Drew French, founder of Athens, Ga.-based Your Pie, said in an interview that his brand will launch a custom-built app-based loyalty program over the next few weeks.
“The app is a payment system as well as loyalty,” French said. “It allows them to pull up directions and phone numbers for the restaurants, and we will be integrating online ordering through the app.”
French explained the process of using the app: “We’re fast-casual pizza, so you go through the line, order the toppings and when you get to the register you just open your app — it’s integrated with our point-of-sale system — and there’s a scanner where they hold the phone up to that scanner. It’s seamless,” he said. “They pay and get their loyalty points automatically.”
As loyal guests accumulate points, the app builds a virtual pizza, slice by slice. Your Pie rewards loyal customers with a $10 off after they spend $100. The app also allows for special rewards on birthdays and anniversaries.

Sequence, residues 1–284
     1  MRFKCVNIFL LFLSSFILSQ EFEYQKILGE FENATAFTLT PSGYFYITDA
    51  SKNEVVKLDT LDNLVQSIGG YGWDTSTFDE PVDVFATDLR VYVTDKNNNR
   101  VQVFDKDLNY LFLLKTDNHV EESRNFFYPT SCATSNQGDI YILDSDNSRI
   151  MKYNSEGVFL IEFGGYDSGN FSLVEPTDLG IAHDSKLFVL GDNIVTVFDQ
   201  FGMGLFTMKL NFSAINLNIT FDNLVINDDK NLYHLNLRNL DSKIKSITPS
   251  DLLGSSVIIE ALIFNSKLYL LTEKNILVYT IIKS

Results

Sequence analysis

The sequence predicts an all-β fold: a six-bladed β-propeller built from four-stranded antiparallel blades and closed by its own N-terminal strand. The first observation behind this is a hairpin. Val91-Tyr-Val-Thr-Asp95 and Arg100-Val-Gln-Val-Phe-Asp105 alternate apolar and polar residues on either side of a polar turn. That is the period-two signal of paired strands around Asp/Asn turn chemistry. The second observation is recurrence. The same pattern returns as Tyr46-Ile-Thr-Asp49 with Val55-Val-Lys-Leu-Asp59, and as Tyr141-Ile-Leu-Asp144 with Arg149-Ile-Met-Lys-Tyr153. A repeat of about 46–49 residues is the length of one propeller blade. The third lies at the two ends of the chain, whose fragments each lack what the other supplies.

“Without our loyal customers, we’d cease to exist,” he added. “Giving them a reward and incentive to for being loyal — making them feel like they are part of the brand — is very important.”
Marketing expert James said one of the most effective in restaurant loyalty programs is the integration into devices such as tablets, mobile phones and kiosks.
“Restaurants are experimenting with digital and social to connect with members and to connect members with each other in an omni-channel fashion playing off of patron behaviors — such as encouraging them to check-in via Facebook or share a photo via Instagram or write a review on Yelp or other social channels,” James said. “Restaurants are also embracing digital channels to tell their story, test new menu items and encourage repeat visits. Mobile integration with the POS has helped speed up the check process, collect feedback, deliver coupons, etc.”
When execs at Chicago-based Forever Yogurt began considering a loyalty program last year, they immediately decided to put it in a smartphone app.